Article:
Date of Award:
Master of Science (MS)
Terry A. Messmer
Greater sage-grouse (Centrocercus urophasianus; sage-grouse) are sagebrush obligates and are therefore considered to be key indicators of sagebrush ecosystem health. Sage-grouse populations have declined range-wide over the last century due to loss and fragmentation of sagebrush (Artemisia spp.) habitats. Sage-grouse populations found in large intact sagebrush landscapes are considered to be more resilient, however, some small isolated populations persist and thrive in fragmented landscapes. Because of Utah’s unique topography and geography, sage-grouse habitat is discontinuous and populations are naturally dispersed throughout the state in suitable intact blocks or in disconnected islands of sagebrush habitat. Thus, Utah populations provide the ideal place to understand how landscape attributes may influence at risk populations. Of these, the Morgan-Summit population is important because very little was known about the general ecology of this population and it experiences a high level of anthropogenic disturbances.
I examined seasonal movement patterns, habitat selection, vital rates (nest initiation rates, nest success, clutch size, breeding success, brood success, and survival probability of breeding age birds) and the influence of vegetation components on vital rates of a small geographically isolated sage-grouse population in Morgan and Summit Counties in northern Utah from 2015–2016. To collect the data, I deployed 25 very-high frequency radio collars and 10 platform terminal transmitters and completed micro-site vegetation surveys at nest, brood, and paired random sites and then made comparisons. Nest sites exhibited variation in vegetation structure that influenced nest success, while brood sites did not.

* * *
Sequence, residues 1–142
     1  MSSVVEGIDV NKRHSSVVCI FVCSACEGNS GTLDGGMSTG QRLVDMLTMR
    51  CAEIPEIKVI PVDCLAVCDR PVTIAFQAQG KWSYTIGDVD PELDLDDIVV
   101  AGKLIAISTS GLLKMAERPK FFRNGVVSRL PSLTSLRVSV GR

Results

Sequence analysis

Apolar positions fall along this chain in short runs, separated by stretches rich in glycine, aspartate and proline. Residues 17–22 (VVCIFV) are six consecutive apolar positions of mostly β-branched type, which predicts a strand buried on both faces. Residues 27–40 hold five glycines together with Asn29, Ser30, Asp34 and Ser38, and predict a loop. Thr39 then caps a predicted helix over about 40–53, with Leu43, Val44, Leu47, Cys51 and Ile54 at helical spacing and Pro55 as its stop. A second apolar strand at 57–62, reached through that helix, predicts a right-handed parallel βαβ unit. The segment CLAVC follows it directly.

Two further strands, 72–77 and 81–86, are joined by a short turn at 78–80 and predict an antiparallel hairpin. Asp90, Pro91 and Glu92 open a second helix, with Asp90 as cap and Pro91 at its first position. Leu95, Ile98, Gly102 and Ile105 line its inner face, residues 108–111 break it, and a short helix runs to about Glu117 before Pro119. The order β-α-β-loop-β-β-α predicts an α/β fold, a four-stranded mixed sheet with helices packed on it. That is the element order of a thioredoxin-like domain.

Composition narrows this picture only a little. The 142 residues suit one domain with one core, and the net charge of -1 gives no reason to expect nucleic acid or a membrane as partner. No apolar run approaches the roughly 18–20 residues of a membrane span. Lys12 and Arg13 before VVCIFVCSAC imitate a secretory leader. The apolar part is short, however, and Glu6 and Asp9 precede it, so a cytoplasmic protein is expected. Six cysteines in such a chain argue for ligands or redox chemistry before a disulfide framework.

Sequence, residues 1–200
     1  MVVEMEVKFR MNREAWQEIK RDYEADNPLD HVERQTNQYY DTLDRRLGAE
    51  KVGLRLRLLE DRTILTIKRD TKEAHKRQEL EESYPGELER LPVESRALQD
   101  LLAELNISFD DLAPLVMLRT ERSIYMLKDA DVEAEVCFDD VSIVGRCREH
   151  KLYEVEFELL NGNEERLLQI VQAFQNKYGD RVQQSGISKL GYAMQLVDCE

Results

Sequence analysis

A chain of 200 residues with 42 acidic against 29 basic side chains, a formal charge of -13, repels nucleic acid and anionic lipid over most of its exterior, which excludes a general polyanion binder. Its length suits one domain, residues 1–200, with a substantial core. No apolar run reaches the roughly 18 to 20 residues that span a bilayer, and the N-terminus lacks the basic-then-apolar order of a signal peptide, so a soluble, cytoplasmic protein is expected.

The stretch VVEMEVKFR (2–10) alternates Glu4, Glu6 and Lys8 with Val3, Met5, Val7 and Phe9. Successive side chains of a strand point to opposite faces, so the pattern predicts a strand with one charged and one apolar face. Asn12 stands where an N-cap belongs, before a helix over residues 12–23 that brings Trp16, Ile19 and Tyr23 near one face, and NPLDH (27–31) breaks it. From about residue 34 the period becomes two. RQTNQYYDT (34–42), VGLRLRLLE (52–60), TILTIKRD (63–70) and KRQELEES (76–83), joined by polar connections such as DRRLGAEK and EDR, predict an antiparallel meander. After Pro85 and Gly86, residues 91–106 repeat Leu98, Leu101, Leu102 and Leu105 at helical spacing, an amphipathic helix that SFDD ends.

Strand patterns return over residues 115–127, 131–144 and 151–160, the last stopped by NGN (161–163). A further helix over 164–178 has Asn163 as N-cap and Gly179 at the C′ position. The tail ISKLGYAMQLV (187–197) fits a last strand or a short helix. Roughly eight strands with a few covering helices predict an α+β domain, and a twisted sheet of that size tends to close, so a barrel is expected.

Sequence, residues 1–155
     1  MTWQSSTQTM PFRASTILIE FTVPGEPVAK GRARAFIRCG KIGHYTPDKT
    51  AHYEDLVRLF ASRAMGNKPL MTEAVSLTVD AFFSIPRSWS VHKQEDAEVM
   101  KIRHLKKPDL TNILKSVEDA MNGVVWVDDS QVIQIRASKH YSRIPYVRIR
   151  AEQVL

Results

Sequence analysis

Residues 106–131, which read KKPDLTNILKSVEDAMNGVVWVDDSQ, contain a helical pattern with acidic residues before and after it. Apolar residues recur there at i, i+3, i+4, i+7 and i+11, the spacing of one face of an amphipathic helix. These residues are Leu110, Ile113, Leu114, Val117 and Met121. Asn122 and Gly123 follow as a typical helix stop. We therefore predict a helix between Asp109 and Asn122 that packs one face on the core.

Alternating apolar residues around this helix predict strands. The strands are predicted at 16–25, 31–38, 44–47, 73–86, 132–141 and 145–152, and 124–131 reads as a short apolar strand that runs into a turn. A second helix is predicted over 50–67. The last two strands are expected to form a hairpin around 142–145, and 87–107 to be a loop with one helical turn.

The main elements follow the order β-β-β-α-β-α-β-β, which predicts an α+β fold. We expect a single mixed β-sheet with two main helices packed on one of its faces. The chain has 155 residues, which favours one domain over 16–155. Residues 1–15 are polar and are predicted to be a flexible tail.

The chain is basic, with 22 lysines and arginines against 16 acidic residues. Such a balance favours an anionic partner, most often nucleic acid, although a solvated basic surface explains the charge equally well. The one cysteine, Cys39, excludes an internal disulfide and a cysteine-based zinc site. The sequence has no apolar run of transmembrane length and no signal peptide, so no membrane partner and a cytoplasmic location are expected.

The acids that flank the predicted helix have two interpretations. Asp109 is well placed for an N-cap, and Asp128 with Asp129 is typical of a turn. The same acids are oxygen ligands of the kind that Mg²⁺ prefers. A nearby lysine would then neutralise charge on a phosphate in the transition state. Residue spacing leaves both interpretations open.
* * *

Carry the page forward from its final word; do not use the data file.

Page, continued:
This population is one of the most productive in Utah exhibiting high nest initiation rates, hatching rates, and brood success rates despite limited habitat space and small seasonal movements. Transmitter type had no influence on vital rates, which is contrary to other studies, and limited influence on habitat selection. Sage-grouse avoided trees and developed areas, especially during the breeding season. Selection of other landscape variables was season-dependent. This information suggests that a sage-grouse population can occupy areas of limited habitat on an annual basis if seasonal habitat requirements are met. This study provides information that stake holders can utilize to conserve critical seasonal habitats within this study area where the population could be negatively affected by anthropogenic development pressure.
Flack, M. Brandon, "Ecology of Greater Sage-Grouse Inhabiting the Southern Portion of the Rich-Morgan-Summit Sage-Grouse Management Area" (2017). All Graduate Theses and Dissertations. 6899.
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